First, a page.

Breast-conserving surgery (BCS) removes the cancer while leaving as much normal breast as possible. Usually, some surrounding healthy tissue and lymph nodes also are removed. Breast-conserving surgery is sometimes called lumpectomy, quadrantectomy, partial mastectomy, or segmental mastectomy depending on how much tissue is removed.
Breast-conserving surgery (BCS) is a good option for many women with early-stage cancers. The main advantage is that a woman keeps most of her breast. However, most women will also need radiation therapy, given by a radiation oncologist (a doctor who specializes in radiation). Women who have their entire breast removed (mastectomy) for early-stage cancers are less likely to need radiation, but they may be referred to a radiation oncologist for evaluation because each patient’s cancer is unique.
BCS might be a good option if you:
This type of surgery is typically done in an outpatient surgery center, and an overnight stay in the hospital usually is not needed. Most women should be able to function after going home and can often return to their regular activities within 2 weeks. Some women may need help at home depending on how extensive their surgery was.
Ask a member of your health care team to show you how to care for your surgery site and affected arm. Usually, you and your caregiver(s) will get written instructions about care after surgery. These instructions might include:
As with all operations, bleeding and infection at the surgery site are possible. Other side effects of breast-conserving surgery can include:
During BCS, the surgeon will try to remove all the cancer, plus some surrounding normal tissue. This can sometimes be difficult depending on where the cancer is located in your breast.
After surgery, a doctor, called a pathologist, will look closely at the tissue that was removed in the lab. If the pathologist finds no invasive cancer cells at any of the edges of the removed tissue, it is said to have negative or clear margins. For women with DCIS, at least 2mm (0.08 inches) of normal tissue between the cancer and the edge of the removed tissue is preferred. If DCIS cancer cells are found near the edges of the tissue (within the 2mm), it is said to have a close margin. If cancer (invasive or DCIS) cells are found at the edge of the tissue, it is said to have a positive margin.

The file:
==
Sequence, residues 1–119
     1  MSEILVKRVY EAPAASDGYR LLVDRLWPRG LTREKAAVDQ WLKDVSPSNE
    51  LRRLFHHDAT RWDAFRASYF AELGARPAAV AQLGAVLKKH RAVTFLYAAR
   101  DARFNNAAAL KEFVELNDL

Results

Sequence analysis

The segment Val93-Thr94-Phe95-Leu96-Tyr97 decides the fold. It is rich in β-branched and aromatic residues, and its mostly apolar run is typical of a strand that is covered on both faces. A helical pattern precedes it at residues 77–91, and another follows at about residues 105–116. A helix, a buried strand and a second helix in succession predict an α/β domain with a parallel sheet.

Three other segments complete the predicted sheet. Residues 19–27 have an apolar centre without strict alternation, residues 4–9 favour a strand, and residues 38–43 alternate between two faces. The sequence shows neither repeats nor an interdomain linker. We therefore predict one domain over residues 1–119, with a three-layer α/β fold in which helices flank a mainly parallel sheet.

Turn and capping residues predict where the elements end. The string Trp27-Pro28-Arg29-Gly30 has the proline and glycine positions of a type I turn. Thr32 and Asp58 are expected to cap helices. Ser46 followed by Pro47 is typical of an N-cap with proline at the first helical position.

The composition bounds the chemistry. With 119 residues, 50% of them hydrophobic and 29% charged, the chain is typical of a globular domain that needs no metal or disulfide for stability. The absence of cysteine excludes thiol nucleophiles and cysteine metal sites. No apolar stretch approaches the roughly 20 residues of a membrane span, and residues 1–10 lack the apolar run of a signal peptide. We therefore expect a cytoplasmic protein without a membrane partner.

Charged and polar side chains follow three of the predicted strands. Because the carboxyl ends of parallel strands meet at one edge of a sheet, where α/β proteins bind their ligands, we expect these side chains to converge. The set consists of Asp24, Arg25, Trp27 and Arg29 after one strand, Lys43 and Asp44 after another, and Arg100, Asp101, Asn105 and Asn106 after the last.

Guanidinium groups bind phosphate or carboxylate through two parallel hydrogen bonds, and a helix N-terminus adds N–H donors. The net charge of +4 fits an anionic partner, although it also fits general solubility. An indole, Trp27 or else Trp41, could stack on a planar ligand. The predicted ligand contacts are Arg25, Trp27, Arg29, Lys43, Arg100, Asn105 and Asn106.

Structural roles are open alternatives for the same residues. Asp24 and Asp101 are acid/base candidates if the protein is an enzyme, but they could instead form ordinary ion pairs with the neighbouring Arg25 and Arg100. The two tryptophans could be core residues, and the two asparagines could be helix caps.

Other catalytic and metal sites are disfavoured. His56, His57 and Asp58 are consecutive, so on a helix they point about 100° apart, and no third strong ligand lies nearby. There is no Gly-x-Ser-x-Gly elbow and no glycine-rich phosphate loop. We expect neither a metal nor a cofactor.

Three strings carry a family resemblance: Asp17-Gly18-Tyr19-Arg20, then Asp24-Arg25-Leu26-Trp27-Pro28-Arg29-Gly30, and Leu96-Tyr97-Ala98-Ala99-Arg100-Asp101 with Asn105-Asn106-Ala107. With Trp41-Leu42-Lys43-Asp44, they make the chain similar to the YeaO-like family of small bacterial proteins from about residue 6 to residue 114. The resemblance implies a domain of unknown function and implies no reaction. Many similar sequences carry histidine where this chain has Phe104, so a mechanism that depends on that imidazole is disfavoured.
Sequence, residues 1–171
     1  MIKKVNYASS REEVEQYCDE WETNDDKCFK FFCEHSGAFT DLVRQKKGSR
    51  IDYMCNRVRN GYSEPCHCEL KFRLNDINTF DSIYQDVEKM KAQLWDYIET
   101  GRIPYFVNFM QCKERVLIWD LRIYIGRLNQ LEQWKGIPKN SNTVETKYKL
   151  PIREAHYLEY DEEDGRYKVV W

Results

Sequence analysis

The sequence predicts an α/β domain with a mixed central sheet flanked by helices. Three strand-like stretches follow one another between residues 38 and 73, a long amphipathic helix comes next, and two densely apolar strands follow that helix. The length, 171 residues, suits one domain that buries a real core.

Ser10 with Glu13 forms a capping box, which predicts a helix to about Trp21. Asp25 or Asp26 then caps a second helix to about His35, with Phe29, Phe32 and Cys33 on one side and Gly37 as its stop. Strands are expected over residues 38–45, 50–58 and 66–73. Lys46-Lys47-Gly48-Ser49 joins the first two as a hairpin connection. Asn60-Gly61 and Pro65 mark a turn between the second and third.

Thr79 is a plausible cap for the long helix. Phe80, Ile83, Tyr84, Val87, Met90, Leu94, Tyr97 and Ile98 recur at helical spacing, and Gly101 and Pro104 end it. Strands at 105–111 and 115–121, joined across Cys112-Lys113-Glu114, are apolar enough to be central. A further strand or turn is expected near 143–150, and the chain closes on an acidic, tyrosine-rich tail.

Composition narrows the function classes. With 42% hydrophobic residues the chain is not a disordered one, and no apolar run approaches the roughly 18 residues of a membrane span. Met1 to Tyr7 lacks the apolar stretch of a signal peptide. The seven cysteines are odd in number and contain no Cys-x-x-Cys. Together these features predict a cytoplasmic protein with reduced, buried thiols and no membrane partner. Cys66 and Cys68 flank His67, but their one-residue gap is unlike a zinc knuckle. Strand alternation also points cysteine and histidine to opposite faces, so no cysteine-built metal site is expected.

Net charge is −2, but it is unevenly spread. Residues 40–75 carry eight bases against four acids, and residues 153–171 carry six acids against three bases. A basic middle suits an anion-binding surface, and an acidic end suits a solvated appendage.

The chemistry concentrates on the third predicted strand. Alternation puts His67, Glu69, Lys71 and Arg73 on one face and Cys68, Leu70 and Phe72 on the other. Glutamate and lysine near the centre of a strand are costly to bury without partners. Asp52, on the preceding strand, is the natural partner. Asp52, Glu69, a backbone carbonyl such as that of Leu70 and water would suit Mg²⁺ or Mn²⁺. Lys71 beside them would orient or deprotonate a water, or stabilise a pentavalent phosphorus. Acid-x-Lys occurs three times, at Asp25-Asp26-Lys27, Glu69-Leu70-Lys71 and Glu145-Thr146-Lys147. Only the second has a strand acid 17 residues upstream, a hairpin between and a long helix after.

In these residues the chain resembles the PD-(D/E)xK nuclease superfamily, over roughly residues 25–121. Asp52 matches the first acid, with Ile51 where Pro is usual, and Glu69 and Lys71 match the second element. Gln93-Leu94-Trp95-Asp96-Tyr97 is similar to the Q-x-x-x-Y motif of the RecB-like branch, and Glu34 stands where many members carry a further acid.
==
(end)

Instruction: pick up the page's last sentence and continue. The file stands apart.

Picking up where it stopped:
Having a positive margin means that some cancer cells may still be in the breast after surgery, so the surgeon often needs to go back and remove more tissue. This operation is called a re-excision. If cancer cells are still found at the edges of the removed tissue after the second surgery, a mastectomy might be needed.
Before your surgery, talk to your breast surgeon about how breast-conserving surgery might change the look of your breast. The larger the portion of breast removed, the more likely it is that you will see a change in the shape of the breast afterward. If your breasts look very different after surgery, it may be possible to have some type of reconstructive surgery or to have the size of the unaffected breast reduced to make the breasts more symmetrical (even). It may even be possible to have this done during the initial surgery. It's very important to talk with your doctor (and possibly a plastic surgeon) before the cancer surgery to get an idea of how your breasts are likely to look afterward, and to learn about your options.
Most women will need radiation therapy to the breast after breast-conserving surgery. Sometimes, to make it easier to aim the radiation, small metallic-like clips (which will show up on x-rays) may be placed inside the breast during surgery to mark the area where the cancer was removed.
Many women will have hormone therapy after surgery to help lower the risk of the cancer coming back. Some women might also need chemotherapy after surgery. If so, radiation therapy and hormone therapy are usually delayed until the chemotherapy is completed.
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Last Revised: October 27, 2021